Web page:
Watarrka National Park
Located at the western end of the George Gill Range, Watarrka National Park is a landscape of rugged ranges, isolated rock holes and gorges, the most imposing of which is Kings Canyon, a massive cut of red sandstone that towers 100 metres over the canyon ﬂoor. Ancient rock formations, shaped by the forces of wind and water over thousands of years, rise from the plateau.
From Alice Springs via Stuart Hwy, Ernest Giles Rd (4WD) and Luritja Rd; or via Larapinta Dr and Mereenie Loop Rd (4WD recommended); from Alice Springs or Yulara via Stuart Hwy, Lasseter Hwy and Luritja Rd (all sealed)
April to September
302 km south-west of Alice Springs
- PWCNT Watarrka (08) 8956 7460
- PWCNT Alice Springs (08) 8951 8250
A permit is required for the Mereenie Loop Rd, which passes through Aboriginal land; available from Alice Springs Visitor Centre (08) 8952 5800 or Kings Canyon Resort (08) 8956 7442
72 200 ha
Alice Springs (08) 8952 5800 or 1800 645 199
Kings Canyon Resort (08) 8956 7442
Featured Activities in the National Park
Climb to the top of Kings Canyon for spectacular views of the surrounding desert country
Contemplate the peace and stillness at the Garden of Eden
Marvel at the weathered, eroded surfaces of the beehive domes in the Lost City
A look at the past
Explorer Ernest Giles was the ﬁrst European to visit this area, in 1872. The following year, William Gosse travelled through, turned south, and discovered and named Ayers Rock. Soon pastoralists followed, with cattle to graze on the often-dry grasslands.
The Luritja people are the traditional owners of the park, which they now jointly manage with PWCNT. For them, Kings Canyon was an oasis in a harsh landscape. In times of severe drought many groups retreated to the moist gorges and shady overhangs and there are occupation sites, engravings within the canyon and rock art along the southern escarpment of the George Gill Range. The park is named after an acacia tree (umbrella bush or Acacia ligulata) that the Luritja people know as watarrka.
Ayers Rock, Mount Conner, the MacDonnell Ranges and George Gill Range are formations of rock that dispel the myth that central Australia is a ﬂat and barren landscape. Kings Canyon is an enormous natural amphitheatre with 100-metre walls of sheer rock – from the rim of the canyon you can look out over the desert and down to thick bushland. A maze of weathered domes and rock shelters make up a formation known as the Lost City, while elsewhere are cool, damp gorges and valleys, and a peaceful retreat called the Garden of Eden, a verdant area surrounding a chain of pools and shady trees in a sheltered valley. A natural spring at Kathleen Springs feeds a cool rock hole.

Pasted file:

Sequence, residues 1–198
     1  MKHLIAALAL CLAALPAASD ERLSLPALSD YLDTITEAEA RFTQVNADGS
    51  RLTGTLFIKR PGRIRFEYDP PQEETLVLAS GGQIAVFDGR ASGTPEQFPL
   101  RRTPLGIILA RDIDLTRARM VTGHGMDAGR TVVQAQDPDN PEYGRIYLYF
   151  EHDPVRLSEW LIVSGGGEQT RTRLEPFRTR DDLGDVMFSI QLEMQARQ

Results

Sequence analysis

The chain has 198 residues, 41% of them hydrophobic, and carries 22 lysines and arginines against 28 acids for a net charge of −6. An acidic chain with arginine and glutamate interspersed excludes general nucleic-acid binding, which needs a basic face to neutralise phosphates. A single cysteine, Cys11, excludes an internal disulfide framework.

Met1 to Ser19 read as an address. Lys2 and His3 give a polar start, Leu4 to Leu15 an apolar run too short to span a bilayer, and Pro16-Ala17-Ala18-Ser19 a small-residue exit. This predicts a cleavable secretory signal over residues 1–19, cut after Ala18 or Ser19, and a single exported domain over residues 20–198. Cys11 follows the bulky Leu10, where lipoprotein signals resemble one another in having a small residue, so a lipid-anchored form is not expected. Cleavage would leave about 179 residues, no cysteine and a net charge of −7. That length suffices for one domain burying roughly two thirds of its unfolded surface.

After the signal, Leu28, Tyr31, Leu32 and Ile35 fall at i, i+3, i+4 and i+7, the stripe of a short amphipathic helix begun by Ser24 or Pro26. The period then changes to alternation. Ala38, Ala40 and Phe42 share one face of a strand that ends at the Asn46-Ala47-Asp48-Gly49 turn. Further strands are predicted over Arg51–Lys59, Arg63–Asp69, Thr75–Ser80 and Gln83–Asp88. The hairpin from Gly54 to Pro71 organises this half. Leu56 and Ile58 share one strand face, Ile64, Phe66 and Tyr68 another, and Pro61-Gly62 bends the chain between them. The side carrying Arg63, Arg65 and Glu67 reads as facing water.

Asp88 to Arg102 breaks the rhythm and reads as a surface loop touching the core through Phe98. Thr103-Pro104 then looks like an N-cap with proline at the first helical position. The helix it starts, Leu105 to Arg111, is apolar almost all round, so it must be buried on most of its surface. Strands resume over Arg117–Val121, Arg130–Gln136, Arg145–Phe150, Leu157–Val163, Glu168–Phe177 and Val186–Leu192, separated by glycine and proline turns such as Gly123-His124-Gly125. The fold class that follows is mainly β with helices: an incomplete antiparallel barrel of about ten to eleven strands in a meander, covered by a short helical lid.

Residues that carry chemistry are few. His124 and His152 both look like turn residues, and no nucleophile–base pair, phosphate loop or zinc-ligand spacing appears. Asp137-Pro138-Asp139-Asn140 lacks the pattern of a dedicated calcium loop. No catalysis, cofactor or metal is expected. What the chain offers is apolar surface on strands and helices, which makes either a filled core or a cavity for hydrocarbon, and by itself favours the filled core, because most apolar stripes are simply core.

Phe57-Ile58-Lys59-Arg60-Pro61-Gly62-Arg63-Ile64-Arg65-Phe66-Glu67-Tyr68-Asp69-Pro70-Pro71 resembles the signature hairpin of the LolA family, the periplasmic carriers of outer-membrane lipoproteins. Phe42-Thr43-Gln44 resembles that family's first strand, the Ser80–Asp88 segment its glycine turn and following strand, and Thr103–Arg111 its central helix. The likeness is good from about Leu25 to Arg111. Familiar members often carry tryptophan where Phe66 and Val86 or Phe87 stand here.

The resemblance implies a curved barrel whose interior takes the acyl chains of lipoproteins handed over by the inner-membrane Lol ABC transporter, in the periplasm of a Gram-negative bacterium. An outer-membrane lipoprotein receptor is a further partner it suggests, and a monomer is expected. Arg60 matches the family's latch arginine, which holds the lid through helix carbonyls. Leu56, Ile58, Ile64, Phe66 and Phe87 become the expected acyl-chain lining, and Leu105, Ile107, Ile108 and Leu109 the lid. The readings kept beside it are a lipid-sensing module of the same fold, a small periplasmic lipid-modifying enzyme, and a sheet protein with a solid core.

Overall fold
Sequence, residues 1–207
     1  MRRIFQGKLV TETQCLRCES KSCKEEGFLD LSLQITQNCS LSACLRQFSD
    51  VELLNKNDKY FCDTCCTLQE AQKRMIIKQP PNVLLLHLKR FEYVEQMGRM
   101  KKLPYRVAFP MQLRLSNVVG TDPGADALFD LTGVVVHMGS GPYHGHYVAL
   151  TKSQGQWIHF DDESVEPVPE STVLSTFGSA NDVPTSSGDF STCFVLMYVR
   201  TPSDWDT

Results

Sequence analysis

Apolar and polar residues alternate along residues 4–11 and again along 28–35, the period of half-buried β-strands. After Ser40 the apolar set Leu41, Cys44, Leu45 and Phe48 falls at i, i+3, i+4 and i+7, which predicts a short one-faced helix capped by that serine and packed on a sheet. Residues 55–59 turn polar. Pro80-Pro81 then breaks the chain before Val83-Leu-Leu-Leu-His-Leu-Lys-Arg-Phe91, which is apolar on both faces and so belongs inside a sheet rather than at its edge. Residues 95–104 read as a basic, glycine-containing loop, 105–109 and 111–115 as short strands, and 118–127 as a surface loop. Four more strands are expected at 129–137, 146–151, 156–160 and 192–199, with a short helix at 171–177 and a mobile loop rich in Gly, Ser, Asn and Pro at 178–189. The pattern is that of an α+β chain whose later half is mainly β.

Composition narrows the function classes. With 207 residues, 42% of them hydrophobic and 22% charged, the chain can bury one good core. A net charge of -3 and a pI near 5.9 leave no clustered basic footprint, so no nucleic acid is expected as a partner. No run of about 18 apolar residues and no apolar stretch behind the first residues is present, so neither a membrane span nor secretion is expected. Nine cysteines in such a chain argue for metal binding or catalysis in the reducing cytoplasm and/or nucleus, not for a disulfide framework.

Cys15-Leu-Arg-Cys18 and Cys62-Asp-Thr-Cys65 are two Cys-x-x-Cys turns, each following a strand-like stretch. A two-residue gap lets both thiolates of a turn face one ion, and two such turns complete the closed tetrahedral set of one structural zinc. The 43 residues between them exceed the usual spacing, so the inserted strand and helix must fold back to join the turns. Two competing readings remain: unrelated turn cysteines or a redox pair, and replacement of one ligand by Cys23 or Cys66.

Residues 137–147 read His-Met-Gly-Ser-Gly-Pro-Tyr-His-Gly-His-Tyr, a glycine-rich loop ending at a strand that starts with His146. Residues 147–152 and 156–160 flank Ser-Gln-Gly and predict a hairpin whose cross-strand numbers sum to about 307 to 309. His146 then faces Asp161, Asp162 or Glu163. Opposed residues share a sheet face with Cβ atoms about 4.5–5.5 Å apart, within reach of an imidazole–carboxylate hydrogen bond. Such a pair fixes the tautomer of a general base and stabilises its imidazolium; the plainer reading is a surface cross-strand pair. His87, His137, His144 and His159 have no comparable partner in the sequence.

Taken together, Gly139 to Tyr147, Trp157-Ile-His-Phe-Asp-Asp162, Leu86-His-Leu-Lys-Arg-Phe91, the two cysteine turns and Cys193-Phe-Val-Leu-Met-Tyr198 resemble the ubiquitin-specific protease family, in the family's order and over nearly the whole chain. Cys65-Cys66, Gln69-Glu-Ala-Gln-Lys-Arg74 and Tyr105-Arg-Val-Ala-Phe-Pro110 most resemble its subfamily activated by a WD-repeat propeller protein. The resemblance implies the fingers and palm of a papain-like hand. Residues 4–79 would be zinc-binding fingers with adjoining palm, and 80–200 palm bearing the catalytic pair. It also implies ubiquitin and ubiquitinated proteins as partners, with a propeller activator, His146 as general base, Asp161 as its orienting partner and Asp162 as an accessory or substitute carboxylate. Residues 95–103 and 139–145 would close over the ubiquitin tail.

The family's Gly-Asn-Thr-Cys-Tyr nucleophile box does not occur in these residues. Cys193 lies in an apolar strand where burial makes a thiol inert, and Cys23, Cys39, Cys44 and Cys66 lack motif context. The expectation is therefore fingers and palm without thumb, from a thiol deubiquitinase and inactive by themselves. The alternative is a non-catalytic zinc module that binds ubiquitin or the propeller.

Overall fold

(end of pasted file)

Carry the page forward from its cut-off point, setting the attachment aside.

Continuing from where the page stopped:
More than 750 plant species have been recorded in the park. The sandy country surrounding the canyon is dominated by desert oak with an understorey of spinifex, and wildﬂowers bloom after rain. Acacias and eucalypts are found clinging to the narrow ledges and rocky overhangs of Kings Canyon and a range of plants grows in the gorge, including a fern species only found at Watarrka. A huge grove of the cycad species, Macrozamia macdonnellii, populates the Garden of Eden, and is among 60 or so rare or relict species, such as the creeping swamp fern, that have survived for more than 50 million years, from a time when rainforest covered the area.
Rock-wallabies and dingoes are some of the larger animals found in the park. Smaller mammals and reptiles are shy and often nocturnal. Large numbers of insects and seed-bearing trees attract an array of birds – about 80 species. The white-fronted honeyeater, red-capped robin, hooded robin and crested bellbird ﬂit among the mulga trees around Kathleen Springs. Riverine vegetation houses several species of honeyeaters and other birds including the red-browed pardalote and black-eared cuckoo. Ground dwellers and seedeaters include the spinifex pigeon, dusky grasswren and painted ﬁnch.
The main attractions at Watarrka are Kings Canyon and Kathleen Springs. There are several spectacular walks but visitors must be aware that the climate can be hot at certain times of the year – always carry plenty of water and avoid walking in the hottest part of the day. There are regular nature talks by rangers between May and October at the Canyon carpark shelter and Kathleen Springs carpark.
Kings Creek Walk (2.6 km, 1 hour return, easy) wanders among fallen boulders and the vegetation of the canyon ﬂoor to a lookout. It is an easy trail, ideal for families, and is accessible to wheelchairs for the ﬁrst 700 metres. Kings Canyon Rim Walk (6-km loop, 3–4 hours, moderate–hard) has an initial climb up 500 well-formed but steep steps to the rim of the canyon, which is slightly demanding but the view is well worth the effort. The track weaves among the weathered rock formations of the Lost City then on through the quiet seclusion of the Garden of Eden. Kathleen Springs Walk (2.4 km, 1½ hours return, easy) leads to a beautiful spring-fed waterhole and is accessible by wheelchair. Interpretive signs along the track explain Aboriginal culture and pastoral history. Giles Track (22 km, 2 days) traverses the George Gill Range from Kathleen Springs to Kings Canyon. An entry or exit point is at Lilla. PWCNT have walking notes available. Walkers should register with the Overnight Walkers Registration Scheme on 1300 650 730.